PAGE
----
A Brian Klemmer original from 2008
Wherever I go, it seems as if people want balance in their lives. They’re working hard and find it difficult to juggle all the different areas they are involved in. Part of this has to do with focus, which I address in my book The Compassionate Samurai. The need for developing balance in the mental, emotional, physical and spiritual parts of our lives is discussed in my book If How-To’s Were Enough We Would All Be Skinny, Rich and Happy! (pages 104-114). Let’s expand on these thoughts.
When we’re in balance, we have greater power and peace of mind. The first time I rated these four aspects of my life, I was very strong on the mental and physical sides, but my spiritual and emotional development was weak. I found that even though I put a lot of energy into expanding my mental side, I received very little return for my efforts. Once I began to develop my spiritual and relationship sides, however, I noticed that the same amount of mental effort now produced extraordinary results! A person can be very developed mentally and have a great career, but if he or she doesn’t develop spiritually and emotionally, and has unsuccessful relationships, then I believe their career will suffer.
Many people believe balance is static. They look at their calendars and think that if they devote the same amount of time to their mental, emotional, physical and spiritual sides, then they will be in balance. But I think we’re talking about a more dynamic process here. So, how do we obtain balance? As I see it, there are two ways.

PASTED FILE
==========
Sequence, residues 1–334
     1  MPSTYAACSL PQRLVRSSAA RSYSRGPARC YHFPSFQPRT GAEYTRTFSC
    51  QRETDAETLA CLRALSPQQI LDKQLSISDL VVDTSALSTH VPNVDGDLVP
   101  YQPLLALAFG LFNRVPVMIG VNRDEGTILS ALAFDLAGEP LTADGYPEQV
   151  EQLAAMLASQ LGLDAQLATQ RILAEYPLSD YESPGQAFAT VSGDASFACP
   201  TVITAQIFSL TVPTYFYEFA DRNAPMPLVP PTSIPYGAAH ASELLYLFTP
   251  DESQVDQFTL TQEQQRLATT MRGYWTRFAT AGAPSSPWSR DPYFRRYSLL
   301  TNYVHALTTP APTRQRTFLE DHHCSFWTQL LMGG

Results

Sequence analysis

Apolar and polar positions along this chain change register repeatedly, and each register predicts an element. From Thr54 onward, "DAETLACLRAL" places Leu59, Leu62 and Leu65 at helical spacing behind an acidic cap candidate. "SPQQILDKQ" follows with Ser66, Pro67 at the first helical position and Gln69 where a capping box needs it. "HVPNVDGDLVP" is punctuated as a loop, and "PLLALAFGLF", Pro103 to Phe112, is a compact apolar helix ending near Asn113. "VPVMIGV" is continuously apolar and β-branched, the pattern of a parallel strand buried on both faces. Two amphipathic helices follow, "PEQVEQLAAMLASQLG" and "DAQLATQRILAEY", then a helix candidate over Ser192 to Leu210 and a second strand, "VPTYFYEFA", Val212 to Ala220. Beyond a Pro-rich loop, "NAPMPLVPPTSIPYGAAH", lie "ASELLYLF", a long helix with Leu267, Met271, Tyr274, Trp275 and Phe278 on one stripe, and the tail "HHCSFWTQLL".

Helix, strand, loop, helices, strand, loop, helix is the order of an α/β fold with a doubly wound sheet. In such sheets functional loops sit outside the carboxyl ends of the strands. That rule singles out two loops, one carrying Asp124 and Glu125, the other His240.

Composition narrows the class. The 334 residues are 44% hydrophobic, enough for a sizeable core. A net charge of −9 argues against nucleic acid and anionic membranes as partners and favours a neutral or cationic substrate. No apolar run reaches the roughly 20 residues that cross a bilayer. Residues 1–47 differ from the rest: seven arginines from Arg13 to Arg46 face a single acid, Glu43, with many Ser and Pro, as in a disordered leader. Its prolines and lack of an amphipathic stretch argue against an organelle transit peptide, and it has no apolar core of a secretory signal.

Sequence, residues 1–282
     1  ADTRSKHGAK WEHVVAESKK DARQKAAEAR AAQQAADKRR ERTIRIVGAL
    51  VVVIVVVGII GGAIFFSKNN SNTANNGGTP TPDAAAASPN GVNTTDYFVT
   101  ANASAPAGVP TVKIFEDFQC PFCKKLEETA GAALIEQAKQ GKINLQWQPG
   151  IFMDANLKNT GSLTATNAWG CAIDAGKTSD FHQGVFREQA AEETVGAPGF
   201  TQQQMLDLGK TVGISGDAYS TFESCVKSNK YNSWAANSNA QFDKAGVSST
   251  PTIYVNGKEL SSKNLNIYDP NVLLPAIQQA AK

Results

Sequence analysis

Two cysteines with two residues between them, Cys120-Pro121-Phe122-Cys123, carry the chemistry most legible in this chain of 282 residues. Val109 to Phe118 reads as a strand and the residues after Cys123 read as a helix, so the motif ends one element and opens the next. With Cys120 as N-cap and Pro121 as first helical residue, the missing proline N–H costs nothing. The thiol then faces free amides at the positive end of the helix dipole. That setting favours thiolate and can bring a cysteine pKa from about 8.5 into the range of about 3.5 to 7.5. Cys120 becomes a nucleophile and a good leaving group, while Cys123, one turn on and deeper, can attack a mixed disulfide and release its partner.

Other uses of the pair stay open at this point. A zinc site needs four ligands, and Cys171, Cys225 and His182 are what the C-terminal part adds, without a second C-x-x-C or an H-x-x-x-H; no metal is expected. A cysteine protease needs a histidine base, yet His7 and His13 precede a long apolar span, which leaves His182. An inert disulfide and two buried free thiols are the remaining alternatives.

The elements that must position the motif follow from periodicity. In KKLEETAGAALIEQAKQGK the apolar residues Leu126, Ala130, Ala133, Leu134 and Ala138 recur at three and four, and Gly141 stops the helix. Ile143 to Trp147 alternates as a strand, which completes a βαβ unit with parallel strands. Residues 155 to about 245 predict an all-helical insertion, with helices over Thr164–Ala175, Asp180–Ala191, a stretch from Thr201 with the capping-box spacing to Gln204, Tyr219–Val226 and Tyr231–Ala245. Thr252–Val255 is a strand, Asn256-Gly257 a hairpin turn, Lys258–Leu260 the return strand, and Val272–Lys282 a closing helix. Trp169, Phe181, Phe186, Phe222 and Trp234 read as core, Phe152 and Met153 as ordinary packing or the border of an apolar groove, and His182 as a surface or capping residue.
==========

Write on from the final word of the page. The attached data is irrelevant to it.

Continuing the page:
One is to make a massive effort. A friend of mine, Alan Nagao, got out of balance while building a multi-million-dollar business and his relationship with his dad suffered. So, Alan took six months off work to build a house with his dad and in the process, rebuilt his relationship with his dad. Working on this house swung the pendulum way over to the other side and then Alan had to go back to work because his company had suffered a decline during this six-month break.
This reminds me of the inflatable man that used to be on display in Hallmark gift stores. The inflatable man stood on a pedestal with a ball in each hand. If you pushed him, he rocked back and forth, but never fell off the pedestal. He swung way past the middle point, then back past the middle point in the opposite direction, and so on until he arrived at the middle again. Getting back in balance can look this way.
Balance can also be achieved by taking one bite at a time. An example is physical exercise. If you’re not working out at all, you might begin by taking little steps. You build on that by doing more and more, until you’re back in shape.
How do we begin to get into balance? First, rate yourself as suggested in my book. Next ask, what commitment will I make to move back into balance? Then act on this commitment. Awareness is one side of the “balance coin.” Action is the other.
Once we’re back in balance, how do we maintain it? When we drive a car, we move the steering wheel a thousand times. Each tiny correction keeps us on course. None of us is ever going to have an ideal life where every day is balanced, but if we constantly “correct” in the direction toward a balanced life, we will then experience the power and peace of mind that comes from equally developed mental, physical, spiritual and emotional aspects of our lives.